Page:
The Taal Volcano, located about 35 miles south of Manila, is spewing a large plume of ash, steam and rocks up to nine miles in the sky posing serious threats to residents. It’s the first time in 43 years the volcano has erupted.
Philippine authorities have urged a “total evacuation” of nearly half a million people near the capital Manila, after a volcano spewed ash up to nine miles (14 kilometers) into the air Sunday prompting warnings of a possible “explosive eruption.”
While residents throughout the greater Manila, Philippines area are preparing for various risks associated with the volcanic eruption, members and friends of The Church of Jesus Christ of Latter-day Saints are gathering in local meetinghouses for precautionary measures. This includes the cities of Lipa, Tanauan, Balayan and Agoncillo. All missionaries in the impacted area are safe and have been relocated or are staying in their homes. Government officials have issued an alert 4 level ( 5 highest) meaning moderate volcanic ash is threatening the warned area, which includes the greater Manila area, the capital city of the Philippines with a population of more than 21 million people.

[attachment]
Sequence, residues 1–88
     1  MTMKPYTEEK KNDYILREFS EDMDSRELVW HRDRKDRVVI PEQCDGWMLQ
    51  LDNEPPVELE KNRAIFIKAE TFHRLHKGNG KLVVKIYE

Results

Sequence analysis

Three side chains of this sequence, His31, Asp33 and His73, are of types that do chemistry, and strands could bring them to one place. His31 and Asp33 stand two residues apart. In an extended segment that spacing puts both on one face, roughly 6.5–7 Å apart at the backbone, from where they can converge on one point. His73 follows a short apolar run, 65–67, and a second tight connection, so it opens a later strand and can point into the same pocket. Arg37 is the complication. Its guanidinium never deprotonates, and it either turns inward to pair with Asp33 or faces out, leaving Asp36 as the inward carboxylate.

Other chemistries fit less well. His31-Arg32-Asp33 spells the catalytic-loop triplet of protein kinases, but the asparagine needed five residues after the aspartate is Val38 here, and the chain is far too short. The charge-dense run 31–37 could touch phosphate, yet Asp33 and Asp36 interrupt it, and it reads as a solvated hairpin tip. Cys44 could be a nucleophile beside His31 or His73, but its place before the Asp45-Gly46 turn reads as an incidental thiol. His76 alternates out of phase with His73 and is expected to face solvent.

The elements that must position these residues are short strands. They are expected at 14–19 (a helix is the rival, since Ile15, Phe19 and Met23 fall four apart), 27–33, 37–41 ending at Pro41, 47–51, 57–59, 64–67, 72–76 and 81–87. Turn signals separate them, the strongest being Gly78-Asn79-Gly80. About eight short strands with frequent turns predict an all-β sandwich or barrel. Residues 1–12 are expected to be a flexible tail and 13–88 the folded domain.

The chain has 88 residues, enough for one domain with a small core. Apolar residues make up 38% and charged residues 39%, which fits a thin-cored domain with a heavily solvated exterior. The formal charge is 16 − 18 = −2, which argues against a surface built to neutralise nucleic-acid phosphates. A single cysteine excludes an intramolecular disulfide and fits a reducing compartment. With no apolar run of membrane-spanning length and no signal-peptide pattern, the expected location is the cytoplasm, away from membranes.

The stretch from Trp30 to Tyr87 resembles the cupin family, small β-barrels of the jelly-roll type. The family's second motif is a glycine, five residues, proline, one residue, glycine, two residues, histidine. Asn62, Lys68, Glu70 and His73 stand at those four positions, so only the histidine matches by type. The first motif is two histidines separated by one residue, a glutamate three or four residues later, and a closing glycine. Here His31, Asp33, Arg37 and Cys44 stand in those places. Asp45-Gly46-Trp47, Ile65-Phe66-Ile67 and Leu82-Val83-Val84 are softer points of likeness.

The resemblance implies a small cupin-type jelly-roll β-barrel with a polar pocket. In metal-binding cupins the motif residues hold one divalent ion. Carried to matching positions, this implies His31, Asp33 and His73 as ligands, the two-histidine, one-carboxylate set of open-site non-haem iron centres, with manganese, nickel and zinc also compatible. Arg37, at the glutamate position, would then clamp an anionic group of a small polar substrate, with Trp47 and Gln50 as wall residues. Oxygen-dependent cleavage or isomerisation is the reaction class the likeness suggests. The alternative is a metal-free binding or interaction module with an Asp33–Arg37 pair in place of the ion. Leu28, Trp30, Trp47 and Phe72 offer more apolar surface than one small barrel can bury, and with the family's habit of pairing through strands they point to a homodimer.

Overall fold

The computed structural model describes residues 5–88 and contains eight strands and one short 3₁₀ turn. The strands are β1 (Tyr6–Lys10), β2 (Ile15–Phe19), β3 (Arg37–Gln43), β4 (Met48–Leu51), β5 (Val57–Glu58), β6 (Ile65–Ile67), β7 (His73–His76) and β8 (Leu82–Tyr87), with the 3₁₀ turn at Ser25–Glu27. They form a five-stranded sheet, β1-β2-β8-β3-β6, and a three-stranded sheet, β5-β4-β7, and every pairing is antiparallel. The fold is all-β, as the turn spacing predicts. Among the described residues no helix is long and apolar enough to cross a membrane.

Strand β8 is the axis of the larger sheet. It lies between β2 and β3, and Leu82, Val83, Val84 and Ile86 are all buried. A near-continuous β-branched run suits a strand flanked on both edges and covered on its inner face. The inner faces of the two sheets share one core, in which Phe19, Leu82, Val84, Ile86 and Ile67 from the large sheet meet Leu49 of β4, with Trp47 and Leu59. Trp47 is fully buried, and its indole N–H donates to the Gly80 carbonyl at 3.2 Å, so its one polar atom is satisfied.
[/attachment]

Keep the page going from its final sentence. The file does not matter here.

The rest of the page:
Elder Quentin L. Cook, an apostle of The Church of Jesus Christ of Latter-day Saints, arrived Saturday with his wife, Mary, to spend a week ministering to Church members and leaders as well as meet with various top religious leaders, members of the media, government officials and humanitarian partners and recipients. His schedule to be part of today’s Light the World humanitarian aid donations in the Philippines has been postponed. (From The Church New Article: Greater Manila, Philippines Threatened by Volcanic Ash)
According to CNN:
“In explosive eruptions, magma is fragmented and violently expelled from the volcano — think of a soda can after being shaken — as opposed to thick lava oozing out. Taal Volcano isn’t actually very big — but it’s considered among the world’s most dangerous, owing to the number of people that live in its immediate vicinity, said Erik Klemetti, a volcanologist at Denison University”
“The ash is what will kill you, not the lava,” Michalski told CNN. “The ash flow from an exploding volcano can travel hundreds of kilometers an hour.”Other threats include deadly toxic gases emitted from the eruption, and mud flows caused by ash mixing with water vapor in the atmosphere, Michalski added.”